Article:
North Carolina has one of the highest uninsured rates in the country. In total, 1.6 million residents lack health insurance.[i] If the state chose to expand Medicaid, over half a million of those people would gain access to health insurance and all of its associated benefits.[ii] In fact, for many of these North Carolinians, expanded Medicaid would be their only health care option.
- $27,310: That’s the maximum income for a family of three to quality for expanded Medicaid. The new Medicaid program would cover North Carolina residents with incomes up to 138 percent of the poverty line. For an adult without children, that’s only $16,104 per year.[iii]
- 100: The percentage of expansion costs the federal government would pay until 2016. After that, federal funds would decline to 90 percent by 2020 (and stay there).[iv]
- 25,000: the approximate number of jobs that new federal funds would have generated if North Carolina had expanded Medicaid in January 2014. [v]
So far, Gov. McCrory and the NC General Assembly have chosen not to expand Medicaid (though their resolve may be weakening). Harvard Medical School professors used health and population data to predict North Carolina’s if lawmakers continue to block Medicaid expansion.
“We predict that many low-income women will forego recommended breast and cervical cancer screening; diabetics will forego medications; and all low-income adults will face a greater likelihood of depression, catastrophic medical expenses, and death.”[vi]
- 455-1,145: The number of North Carolinians who will die for lack of health insurance.[vii]
- 4,500: The number of people who will get “catastrophic” medical bills that total more than 30 percent of their income.[viii] Part of Medicaid’s goal is to protect low-income people from expensive medical bills that could further threaten their economic stability.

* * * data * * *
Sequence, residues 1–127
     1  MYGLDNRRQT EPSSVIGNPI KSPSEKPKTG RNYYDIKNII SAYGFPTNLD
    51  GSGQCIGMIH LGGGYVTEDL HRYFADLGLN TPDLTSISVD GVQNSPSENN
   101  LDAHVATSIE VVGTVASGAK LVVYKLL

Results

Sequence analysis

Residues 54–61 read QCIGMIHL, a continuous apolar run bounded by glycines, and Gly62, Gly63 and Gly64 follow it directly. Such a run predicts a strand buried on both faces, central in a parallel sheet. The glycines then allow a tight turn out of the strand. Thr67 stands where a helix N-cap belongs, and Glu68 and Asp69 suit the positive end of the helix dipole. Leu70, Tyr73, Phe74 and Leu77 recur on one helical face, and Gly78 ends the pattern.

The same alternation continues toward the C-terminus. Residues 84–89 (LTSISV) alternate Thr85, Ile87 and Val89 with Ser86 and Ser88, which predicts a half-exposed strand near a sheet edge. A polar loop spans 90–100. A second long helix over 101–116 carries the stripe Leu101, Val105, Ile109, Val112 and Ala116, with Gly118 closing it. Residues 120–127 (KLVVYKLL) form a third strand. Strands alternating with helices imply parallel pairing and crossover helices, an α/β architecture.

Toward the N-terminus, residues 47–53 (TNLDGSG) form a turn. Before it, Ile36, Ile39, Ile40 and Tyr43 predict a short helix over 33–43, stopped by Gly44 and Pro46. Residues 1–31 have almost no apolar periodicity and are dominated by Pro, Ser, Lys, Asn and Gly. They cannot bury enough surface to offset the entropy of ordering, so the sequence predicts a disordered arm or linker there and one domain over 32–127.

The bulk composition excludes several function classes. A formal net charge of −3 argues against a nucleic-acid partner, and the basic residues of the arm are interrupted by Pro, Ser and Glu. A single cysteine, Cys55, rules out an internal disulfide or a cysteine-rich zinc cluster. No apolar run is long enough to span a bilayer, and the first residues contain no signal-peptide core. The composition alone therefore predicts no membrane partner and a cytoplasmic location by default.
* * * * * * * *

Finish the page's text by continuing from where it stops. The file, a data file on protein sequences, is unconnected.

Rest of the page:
- 45,000: The number of residents who will be diagnosed with depression.[ix]
- 1: The number of rural hospitals that have already closed, citing Medicaid expenses. Rural hospitals tend to have more uninsured patients, and therefore have more outstanding and unpaid medical payments, which translates to less money for operating costs.[x] If this keeps happening, rural residents will have less and less access to even basic health care services.
Simply put, expanding Medicaid would save lives. It would save the state and its residents money. And it would put North Carolina on the path to a healthier future. We can’t afford to keep opting out.
[i] Dickman, Sam; Himmelstein, David; McCormick, Danny; and Woolhandler, Steffie. (January 30 2014). Opting Out of Medicaid Expansion: The Health and Financial Impacts. Health Affairs. Available at http://healthaffairs.org/blog/2014/01/30/opting-out-of-medicaid-expansion-the-health-and-financial-impacts/?utm_source=rss&utm_medium=rss&utm_campaign=opting-out-of-medicaid-expansion-the-health-and-financial-impacts
[ii] Families USA. (July 2014). “Medicaid Expansion in North Carolina: Health Insurance for Working Individuals and Families.” Available at http://familiesusa.org/sites/default/files/product_documents/MCD_North%20Carolina%20Medicaid%20gap%20and%20employment_final_web.pdf
[iv] See note ii.
[vi] See note i.
[vii] U.S. Department of Health and Human Services. (2013). “2014 Poverty Guidelines.” Available at http://aspe.hhs.gov/health/reports/2014/UncompensatedCare/ib_UncompensatedCare.pdf
[viii] See note i.
[x] DeLeire, Thomas; Joynt, Karen; and McDonald, Ruth. (2014). “Impact of Insurance Expansion on Hospital Uncompensated Care Costs in 2014.” U.S. Department of Health and Human Services. Available at http://aspe.hhs.gov/health/reports/2014/UncompensatedCare/ib_UncompensatedCare.pdf